US 20030139461 A1
An antidiabetic pharmaceutical formulation is provided, especially adapted for treating Type II diabetes, which includes a combination of metformin and glipizide in a manner to control moisture in the formulation so that the glipizide does not hydrolyze, yet the metformin is compressible, if necessary. A method for treating diabetes is also provided employing the above formulation.
1. A pharmaceutical composition comprising a single dosage formulation of metformin and glipizide, said formulation designed to control moisture so that the glipizide does not hydrolyze.
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4. A method for treating type 2 diabetes which comprises administering to a patient in need of treatment a therapeutically effective amount of a pharmaceutical composition comprising a combination of metformin and glipizide in a single dosage form, which dosage form controls moisture so that the glipizide does not hydrolyze.
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 The present invention relates to a pharmaceutical formulation and method for treating type 2 diabetes. The formulation includes metformin and glipizide (a sulfonyl urea) in a manner to control moisture in the formulation so that the glipizide does not hydrolyze, yet the metformin is compressible, if necessary.
 The biguanide antihyperglycemic agent metformin disclosed in U.S. Pat. No. 3,174,901 is currently marketed in the U.S. in the form of its hydrochloride salt (Glucophage®), by the Bristol-Myers Squibb Company.
 The diagnosis and management of type 2 diabetes mellitus is rapidly undergoing progressive changes. It is now widely accepted that glycemic control makes a difference. The goal of diabetes therapy today is to achieve and maintain as near normal glycemia as possible to prevent the long-term microvascular and macrovascular complications of an elevated blood glucose. The diagnosis of diabetes has undergone significant changes as evidenced by the new ADA diagnostic and classification guidelines. Oral therapeutic options for the treatment of type 2 diabetes mellitus, until recently, have been severely limited. Prior to 1995, sulfonyl ureas had been the mainstay of oral diabetes agents in the United States. Sulfonyl ureas target one mechanism of hyperglycemia by augmenting insulin secretion from the beta cell. Since 1995, three new classes of agents have been added to the anti-diabetes armamentarium for the management of hyperglycemia. Metformin, a biguanide, targets additional mechanisms of hyperglycemia by inhibiting hepatic glucose production and enhancing peripheral glucose uptake and thereby reducing insulin resistance; thiazolidinediones such as troglitazone, rosiglitazone and pioglitazone decrease peripheral insulin resistance; and alpha-glucosidase inhibitors such as acarbose and miglitol help control postprandial glucose excursion by delaying absorption of dietary carbohydrate. These agents are all indicated as monotherapy and some are indicated for use in combination therapy, generally after monotherapy has been found to be inadequate.
 In 1995, metformin was added to sulfonyl urea therapy in patients who had not achieved glycemic control with sulfonyl urea monotherapy, and the two agents were found to have a remarkable effect on glycemic control or lowering of hemoglobin-A1c. The different mechanisms of action in targeting hyperglycemia are complimentary and make combination use attractive and a rational course of action. Prescription data reveals approximately 60% of metformin use is in combination with a sulfonyl urea.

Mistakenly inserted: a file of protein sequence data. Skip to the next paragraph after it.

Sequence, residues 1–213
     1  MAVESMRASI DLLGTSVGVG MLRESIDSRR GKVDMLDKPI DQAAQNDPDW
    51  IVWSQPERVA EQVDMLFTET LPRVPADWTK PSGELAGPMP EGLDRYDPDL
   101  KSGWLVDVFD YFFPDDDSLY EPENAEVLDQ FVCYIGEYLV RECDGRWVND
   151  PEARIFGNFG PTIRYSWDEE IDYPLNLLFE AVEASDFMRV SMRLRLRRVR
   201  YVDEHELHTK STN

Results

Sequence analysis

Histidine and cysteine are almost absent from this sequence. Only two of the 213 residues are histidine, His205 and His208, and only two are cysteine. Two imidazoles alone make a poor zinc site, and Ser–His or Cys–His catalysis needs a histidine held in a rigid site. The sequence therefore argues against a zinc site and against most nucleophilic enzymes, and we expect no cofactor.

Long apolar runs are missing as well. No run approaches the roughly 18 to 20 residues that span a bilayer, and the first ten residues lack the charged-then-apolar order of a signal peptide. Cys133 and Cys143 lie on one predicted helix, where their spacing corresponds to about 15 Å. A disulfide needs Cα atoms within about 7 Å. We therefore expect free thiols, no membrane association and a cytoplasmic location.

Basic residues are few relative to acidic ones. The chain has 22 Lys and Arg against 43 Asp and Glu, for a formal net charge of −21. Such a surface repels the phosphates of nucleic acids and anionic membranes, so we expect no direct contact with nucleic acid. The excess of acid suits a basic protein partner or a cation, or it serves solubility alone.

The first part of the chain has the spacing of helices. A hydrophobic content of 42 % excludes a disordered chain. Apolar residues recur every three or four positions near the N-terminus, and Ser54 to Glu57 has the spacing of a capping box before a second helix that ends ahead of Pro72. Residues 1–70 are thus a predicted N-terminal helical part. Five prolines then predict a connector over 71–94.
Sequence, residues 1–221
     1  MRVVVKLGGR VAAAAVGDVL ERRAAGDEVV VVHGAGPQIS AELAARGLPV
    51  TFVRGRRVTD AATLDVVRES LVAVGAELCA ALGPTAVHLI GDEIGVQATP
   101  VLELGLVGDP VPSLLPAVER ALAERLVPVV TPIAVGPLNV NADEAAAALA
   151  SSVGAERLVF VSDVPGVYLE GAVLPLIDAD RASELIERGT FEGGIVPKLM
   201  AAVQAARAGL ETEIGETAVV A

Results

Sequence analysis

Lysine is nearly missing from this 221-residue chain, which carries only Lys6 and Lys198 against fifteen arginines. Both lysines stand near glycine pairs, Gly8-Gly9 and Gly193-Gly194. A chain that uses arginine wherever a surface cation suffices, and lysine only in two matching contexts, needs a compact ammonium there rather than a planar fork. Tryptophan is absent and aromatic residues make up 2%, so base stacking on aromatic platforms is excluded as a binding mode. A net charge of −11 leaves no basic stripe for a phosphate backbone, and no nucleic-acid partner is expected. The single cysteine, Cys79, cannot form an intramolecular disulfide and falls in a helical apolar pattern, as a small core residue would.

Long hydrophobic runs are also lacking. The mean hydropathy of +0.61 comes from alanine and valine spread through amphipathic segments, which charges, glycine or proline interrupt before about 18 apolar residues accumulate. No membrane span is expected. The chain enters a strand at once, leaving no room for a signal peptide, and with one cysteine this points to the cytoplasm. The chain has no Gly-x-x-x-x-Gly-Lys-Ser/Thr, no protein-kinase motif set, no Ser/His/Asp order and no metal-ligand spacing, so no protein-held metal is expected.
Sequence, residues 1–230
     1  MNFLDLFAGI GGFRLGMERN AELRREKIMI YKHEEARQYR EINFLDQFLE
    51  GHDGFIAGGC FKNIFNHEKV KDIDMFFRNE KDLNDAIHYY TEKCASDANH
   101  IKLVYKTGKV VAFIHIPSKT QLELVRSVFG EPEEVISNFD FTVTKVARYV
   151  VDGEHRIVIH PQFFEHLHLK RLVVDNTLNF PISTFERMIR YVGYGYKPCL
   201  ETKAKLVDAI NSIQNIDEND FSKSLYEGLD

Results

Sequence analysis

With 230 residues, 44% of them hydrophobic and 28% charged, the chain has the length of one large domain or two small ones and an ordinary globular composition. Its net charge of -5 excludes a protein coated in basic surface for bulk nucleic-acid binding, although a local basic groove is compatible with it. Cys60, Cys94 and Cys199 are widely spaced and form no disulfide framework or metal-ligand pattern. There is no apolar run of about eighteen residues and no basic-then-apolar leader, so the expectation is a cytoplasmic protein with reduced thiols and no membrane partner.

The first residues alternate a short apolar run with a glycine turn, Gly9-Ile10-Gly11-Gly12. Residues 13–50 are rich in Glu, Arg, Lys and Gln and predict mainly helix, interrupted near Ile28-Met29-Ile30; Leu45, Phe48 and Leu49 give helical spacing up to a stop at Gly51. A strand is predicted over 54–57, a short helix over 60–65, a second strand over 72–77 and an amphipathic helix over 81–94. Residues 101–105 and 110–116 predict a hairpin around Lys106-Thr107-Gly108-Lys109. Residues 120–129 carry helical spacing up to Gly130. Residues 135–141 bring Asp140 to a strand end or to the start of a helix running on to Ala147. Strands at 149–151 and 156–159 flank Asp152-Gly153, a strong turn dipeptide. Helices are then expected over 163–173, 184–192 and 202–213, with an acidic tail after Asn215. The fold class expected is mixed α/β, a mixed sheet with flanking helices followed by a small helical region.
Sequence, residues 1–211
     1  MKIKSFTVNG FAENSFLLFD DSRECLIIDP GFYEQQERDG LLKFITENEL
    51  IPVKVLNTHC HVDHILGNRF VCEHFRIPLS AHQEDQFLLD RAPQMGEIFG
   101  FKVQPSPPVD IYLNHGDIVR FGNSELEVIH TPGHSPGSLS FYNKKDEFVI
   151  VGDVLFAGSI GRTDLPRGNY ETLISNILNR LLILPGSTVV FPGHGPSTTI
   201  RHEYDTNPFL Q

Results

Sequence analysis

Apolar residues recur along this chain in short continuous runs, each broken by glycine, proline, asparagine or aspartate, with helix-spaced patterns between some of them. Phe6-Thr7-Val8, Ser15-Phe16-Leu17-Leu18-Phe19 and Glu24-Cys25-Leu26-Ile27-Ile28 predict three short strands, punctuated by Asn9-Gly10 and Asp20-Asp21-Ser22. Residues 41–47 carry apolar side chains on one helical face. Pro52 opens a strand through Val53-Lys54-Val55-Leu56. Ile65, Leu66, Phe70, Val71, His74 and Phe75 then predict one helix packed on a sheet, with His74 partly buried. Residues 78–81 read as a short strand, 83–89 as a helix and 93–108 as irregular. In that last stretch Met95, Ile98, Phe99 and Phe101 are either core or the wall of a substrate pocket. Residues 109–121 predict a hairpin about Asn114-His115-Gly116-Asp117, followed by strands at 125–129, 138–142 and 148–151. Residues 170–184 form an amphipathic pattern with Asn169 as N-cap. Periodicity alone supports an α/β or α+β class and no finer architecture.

Examples of combinations of metformin and the sulfonyl urea glyburide (also referred to as glibenclamide) are disclosed in documents such as the following:
 (1) WO 97/17975 published May 22, 1997, (Barelli et al, Istituto Gentili S.P.A.) and US RE37,330E (hereinafter Barelli et al) discloses a combination of glibenclamide and metformin in a 1:100 weight ratio, so as to allow a daily dosage of 15 mg glibenclamide and 1500 mg metformin, used for the onset of diabetes to the most severe cases, particular in cases of secondary failure to a combination of glibenclamide-metformin HCl in a weight ratio higher than 1:100.
 (2) Vigneri et al, Treatment of NIDDM Patients with Secondary Failure to Glyburide: Comparison of the Addition of Either Metformin or Bed-Time NPH Insulin to Glyburide, Diabete & Metabolisme, 1991, 17, 232-234, disclose use of a combination of 1.5 g/day metformin and 15 mg/day glyburide to treat NIDDM patients with secondary failure to 15 mg/day glyburide.
 (3) Higginbotham et al, Double-Blind Trial of Metformin in the Therapy of Non-Ketotic Diabetes, The Medical Journal of Australia, Aug. 11, 1979, 154-156, discloses treatment of diabetic patients, who were already receiving from 10 mg to 20 mg per day of glibenclamide, with 500 mg metformin twice a day. Higginbotham et al conclude “that in selected diabetics whose condition is inadequately controlled with sulfonylurea therapy, significant improvement in diabetic control can be obtained by the addition of metformin in a low dose of 500 mg twice a day.”
 (4) U.S. application Ser. No. 09/353,141, filed Jul. 14, 1999 (based on European application No. 98401781.4, filed Jul. 15, 1998) now U.S. Pat. No. 6,303,146 B1 discloses formulations containing metformin and glyburide where the glyburide is of a particular particle size.